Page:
The annual Communications Report from the Australian Communications and Media Authority offers a wealth of statistics about how we get online and what we do when we get there. Here are the seven which stuck out for us.
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We're downloading more
Back in July, ACMA reported that the typical Australian downloaded just 6GB a month. It now calculates that number at 25.1GB -- a lot higher, but still indicating that the majority of Aussies are not maxing out their connection downloading new episodes of Glee or Doctor Who or Come Dine With Me.
TV downloading is still uncommon
Confirming that point, the report also suggests that 1 million Australians are regularly downloading TV, up from 0.8 million the previous year, but still a relatively rare option. Perhaps more remarkably, only 1.1 million regularly watch streaming services. We like iView.
There are still more mobile services than people
Right now, the population of Australia is approximately 22.7 million, but new data from the suggests there are 29.8 million mobile services active throughout the country. Note that this is services rather than phones. Which makes sense when you consider that . . .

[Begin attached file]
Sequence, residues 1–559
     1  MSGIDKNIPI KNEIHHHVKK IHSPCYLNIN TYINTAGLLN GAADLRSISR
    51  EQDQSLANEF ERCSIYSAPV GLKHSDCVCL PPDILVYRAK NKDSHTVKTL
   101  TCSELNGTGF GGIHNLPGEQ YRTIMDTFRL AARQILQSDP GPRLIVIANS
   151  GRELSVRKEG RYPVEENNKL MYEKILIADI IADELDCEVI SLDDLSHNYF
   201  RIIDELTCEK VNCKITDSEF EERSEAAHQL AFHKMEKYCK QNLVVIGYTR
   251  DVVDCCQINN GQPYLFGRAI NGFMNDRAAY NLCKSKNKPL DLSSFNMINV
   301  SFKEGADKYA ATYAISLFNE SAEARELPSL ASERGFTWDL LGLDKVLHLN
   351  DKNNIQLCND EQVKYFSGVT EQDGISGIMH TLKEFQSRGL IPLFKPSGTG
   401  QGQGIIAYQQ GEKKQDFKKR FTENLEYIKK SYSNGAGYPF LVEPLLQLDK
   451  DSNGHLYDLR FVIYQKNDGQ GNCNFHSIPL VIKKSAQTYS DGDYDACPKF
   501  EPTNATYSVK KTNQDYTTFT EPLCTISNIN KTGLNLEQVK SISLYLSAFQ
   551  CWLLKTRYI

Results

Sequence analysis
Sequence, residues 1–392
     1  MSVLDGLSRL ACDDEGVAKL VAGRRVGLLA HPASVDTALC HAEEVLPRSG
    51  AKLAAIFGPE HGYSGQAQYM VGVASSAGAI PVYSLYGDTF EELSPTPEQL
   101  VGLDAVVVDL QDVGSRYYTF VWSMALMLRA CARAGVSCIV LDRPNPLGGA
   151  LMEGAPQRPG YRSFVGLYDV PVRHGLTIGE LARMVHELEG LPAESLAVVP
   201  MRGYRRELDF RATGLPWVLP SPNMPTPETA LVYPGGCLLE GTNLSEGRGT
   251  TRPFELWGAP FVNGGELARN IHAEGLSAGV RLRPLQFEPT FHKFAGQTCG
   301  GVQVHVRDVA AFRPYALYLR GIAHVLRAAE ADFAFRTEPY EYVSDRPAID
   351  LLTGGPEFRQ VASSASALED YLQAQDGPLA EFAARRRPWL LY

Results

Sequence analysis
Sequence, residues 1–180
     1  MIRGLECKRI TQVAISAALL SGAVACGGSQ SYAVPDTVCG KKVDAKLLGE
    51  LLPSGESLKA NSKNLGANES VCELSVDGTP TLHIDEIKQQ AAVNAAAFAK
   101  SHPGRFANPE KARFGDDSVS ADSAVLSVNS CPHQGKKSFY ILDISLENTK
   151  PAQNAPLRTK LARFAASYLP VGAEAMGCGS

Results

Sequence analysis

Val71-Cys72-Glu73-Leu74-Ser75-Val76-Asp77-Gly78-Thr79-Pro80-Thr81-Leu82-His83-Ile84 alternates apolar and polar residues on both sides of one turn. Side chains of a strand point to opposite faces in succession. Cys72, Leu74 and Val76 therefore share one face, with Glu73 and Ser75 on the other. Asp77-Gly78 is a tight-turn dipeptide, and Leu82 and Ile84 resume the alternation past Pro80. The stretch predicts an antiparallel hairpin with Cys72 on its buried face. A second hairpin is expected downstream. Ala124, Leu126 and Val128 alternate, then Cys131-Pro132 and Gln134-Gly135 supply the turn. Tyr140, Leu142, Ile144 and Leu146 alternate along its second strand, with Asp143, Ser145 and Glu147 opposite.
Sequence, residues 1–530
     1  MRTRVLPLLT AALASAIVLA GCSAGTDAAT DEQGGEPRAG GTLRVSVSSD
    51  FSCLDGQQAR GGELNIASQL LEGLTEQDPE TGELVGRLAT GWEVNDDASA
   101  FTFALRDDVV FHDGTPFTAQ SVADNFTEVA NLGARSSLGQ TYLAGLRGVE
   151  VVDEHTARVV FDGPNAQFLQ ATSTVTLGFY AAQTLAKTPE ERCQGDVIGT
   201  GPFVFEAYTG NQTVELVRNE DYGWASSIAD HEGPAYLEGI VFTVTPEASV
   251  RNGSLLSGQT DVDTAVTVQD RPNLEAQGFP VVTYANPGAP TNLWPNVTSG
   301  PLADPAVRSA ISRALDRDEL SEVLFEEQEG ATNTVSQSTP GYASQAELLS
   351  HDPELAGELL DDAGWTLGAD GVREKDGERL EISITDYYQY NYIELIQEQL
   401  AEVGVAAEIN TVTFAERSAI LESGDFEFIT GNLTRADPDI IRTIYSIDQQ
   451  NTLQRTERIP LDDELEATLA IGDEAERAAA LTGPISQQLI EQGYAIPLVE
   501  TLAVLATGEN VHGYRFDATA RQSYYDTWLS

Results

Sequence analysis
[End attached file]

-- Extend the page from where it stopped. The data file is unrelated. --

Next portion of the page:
There's a lot of mobile broadband going on
There are now 4.79 million mobile broadband services. That's more than the number of ADSL services (4.49 million), but as ever it's worth pointing out that this doesn't mean mobile is the future and home connections are dead, since ADSL services are far more often shared that mobile broadband.
We don't use mobile broadband for big files
The report also points out that 93 per cent of data is downloaded through fixed line rather than mobile services. The total volume of data downloaded by Australians in the June quarter was 274 terabytes, but just 19TB of that came from mobile broadband.
Not everyone has net access on their phone
There are 14.8 million mobile service subscriptions which don't have any Internet access, compared to 9.7 million that do.
50 per cent of Australians go online once a day
How on earth are the other 50 per cent running their lives?